By Meghan Hall
In the Bay Area’s current development climate, every last bit of space seems to be snapped up for redevelopment. Urban infill is often the name of the game, although developers still grapple to get their hands on the few remaining large parcels of land for building. While development helps produce jobs and contributes to the economic health of the region, San Jose’s City Council unanimously voted yesterday afternoon to do something drastically different: preserve open space. The City voted to spend $93 million to purchase 937 acres of land in the Coyote Valley. According to city officials, it has taken a “herculean effort” to get this far to be able to preserve the land.
With approval now in hand, the transaction will be the largest municipal investment in natural infrastructure in California’s history. The initiative to buy the land was overwhelmingly backed by voters, of whom 71 percent voted in favor of the agreement.
“Coyote Valley has captured the imagination of San Joseans for generations, but also has sat within the crosshairs of development proposals— for everything from Apple’s world headquarters, to campuses for Tandem, Cisco, and Xilinx, to tens of thousands of units of housing,” stated Mayor Sam Liccardo, Vice Mayor Chappie Jones, Councilmember Sergio Jimenez, Councilmember Raul Peralez and Councilmember Pam Foley in a joint memo November 1st. “Only recently did we start to embrace a more future-focused vision for Coyote Valley—one that views nature and green infrastructure as our allies in the face of climate change.”
The City of San Jose is purchasing the site with the Peninsula Open Space Trust (POST) from the Brandenburg family and Sobrato Organization. The City plans to fund the acquisition of the properties using up to $50 million in Measure T funds, money that is allocated toward road improvements, flood control and emergencies. Currently, Brandenburg owns 572 acres of the land that the City intend to purchase, while Sobrato owns 335 acres. The anticipated closing date on the sale is November 26th.
“It would not be overstating it to say that the proposed acquisition and preservation project before you of almost 1,0000 acres in the North Coyote Valley is one of the most complex and consequential conservation projects of our time,” said Andrea Mackenzie, general manager of the Open Space Authority, who will lead the master planning process once the sale closes, during Wednesday’s meeting. “We have a once in a generation opportunity to protect and preserve one of the Bay Area’s most significant natural landscapes to benefit nature and people, and to be a model for other municipalities, in the state and nation to follow.”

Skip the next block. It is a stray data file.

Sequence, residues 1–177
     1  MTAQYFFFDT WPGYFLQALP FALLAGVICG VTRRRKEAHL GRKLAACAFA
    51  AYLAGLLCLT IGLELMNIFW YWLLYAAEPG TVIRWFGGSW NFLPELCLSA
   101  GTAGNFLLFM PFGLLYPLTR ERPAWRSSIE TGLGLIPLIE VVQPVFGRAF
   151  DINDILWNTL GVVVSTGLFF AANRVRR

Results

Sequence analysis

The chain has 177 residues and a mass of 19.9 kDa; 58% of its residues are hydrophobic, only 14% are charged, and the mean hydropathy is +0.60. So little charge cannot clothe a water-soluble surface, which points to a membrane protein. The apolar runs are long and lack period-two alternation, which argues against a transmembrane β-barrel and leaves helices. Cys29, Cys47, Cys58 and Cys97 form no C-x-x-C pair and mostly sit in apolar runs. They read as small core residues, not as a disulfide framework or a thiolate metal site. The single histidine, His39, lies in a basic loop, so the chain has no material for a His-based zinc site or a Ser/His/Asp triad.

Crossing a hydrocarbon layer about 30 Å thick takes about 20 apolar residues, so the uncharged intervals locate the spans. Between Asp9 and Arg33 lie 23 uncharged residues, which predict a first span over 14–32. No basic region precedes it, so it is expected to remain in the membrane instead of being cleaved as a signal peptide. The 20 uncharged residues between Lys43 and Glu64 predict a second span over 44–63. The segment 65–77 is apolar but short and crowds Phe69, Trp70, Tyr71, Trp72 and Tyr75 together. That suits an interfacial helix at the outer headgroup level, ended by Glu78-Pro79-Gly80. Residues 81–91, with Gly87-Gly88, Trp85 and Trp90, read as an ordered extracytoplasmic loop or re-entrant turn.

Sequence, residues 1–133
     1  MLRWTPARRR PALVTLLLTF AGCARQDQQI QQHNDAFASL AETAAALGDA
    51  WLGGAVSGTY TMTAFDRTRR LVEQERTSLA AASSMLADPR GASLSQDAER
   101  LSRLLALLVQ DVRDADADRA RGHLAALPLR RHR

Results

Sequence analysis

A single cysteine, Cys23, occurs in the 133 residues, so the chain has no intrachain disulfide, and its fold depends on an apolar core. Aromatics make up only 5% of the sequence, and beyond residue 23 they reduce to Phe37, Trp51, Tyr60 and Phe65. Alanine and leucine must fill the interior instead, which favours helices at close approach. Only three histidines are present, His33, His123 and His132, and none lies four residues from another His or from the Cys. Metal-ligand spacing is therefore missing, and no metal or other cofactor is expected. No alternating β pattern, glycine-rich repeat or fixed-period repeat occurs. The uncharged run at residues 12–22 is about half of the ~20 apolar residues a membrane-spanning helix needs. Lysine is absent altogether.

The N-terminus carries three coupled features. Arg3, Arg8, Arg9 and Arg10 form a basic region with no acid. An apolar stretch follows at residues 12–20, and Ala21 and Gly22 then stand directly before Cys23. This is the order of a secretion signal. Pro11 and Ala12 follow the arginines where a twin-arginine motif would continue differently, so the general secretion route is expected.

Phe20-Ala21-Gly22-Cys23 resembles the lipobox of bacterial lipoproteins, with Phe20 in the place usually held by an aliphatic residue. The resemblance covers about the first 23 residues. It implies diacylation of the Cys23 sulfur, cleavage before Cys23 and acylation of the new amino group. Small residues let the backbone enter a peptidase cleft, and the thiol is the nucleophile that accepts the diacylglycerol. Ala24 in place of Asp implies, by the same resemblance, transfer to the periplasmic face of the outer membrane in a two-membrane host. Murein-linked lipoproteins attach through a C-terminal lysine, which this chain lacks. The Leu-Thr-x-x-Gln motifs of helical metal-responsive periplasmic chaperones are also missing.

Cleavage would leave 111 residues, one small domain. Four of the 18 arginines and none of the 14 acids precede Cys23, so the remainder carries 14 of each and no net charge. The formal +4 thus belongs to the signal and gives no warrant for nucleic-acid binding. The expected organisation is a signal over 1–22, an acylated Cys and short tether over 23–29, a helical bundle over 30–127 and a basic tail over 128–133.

The land is part of a 7,400-acre expanse that sits between the Santa Cruz Mountains and the Diablo range. As part of San Jose’s General Plan, the property was originally slated for industrial use and was expected to bring some 35,000 jobs to San Jose. As a whole, North Coyote Valley represents 16 percent of total employment lands, according to industry reporting, an important economic opportunity that will not be entirely reallocated.
Brandenburg and Sobrato echoed these sentiments in a statement, saying “More times than not, unfortunately, the environmental community and the development community don’t see eye to eye. “This major step in the permanent protection and preservation of a significant portion of the Coyote Valley is an example of a public-private effort where the parties collaboratively and cooperatively persevered with one another in positive spirit to achieve the will of the voters of San Jose.”
Over the years, numerous private entities have sought to redevelop the land but were thwarted by preservationists keen on holding onto San Jose’s last great open space. Forty years ago, both Apple and Cisco had plans to build large tech campuses in Coyote Valley. Cisco did win project approval in the early 2000s for its six million square foot campus, but the project stalled after the dot-com bust.
In the coming years, the City expects to spend close to $100 million on preserving the land and creating publicly accessible open space over the next ten years. With the transaction now approved, the City intends to embark on a planning process to determine exactly how the land will be utilized, as well as potential sources of public and private funding to finance the project.
“With this agreement, we offer an invaluable gift to our children and future generations,” continue Licardo, Jones, Jiminez, Peralez and Foley. “Our preservation of Coyote Valley makes good on our collective obligation of stewardship for our—and more importantly, their—planet.”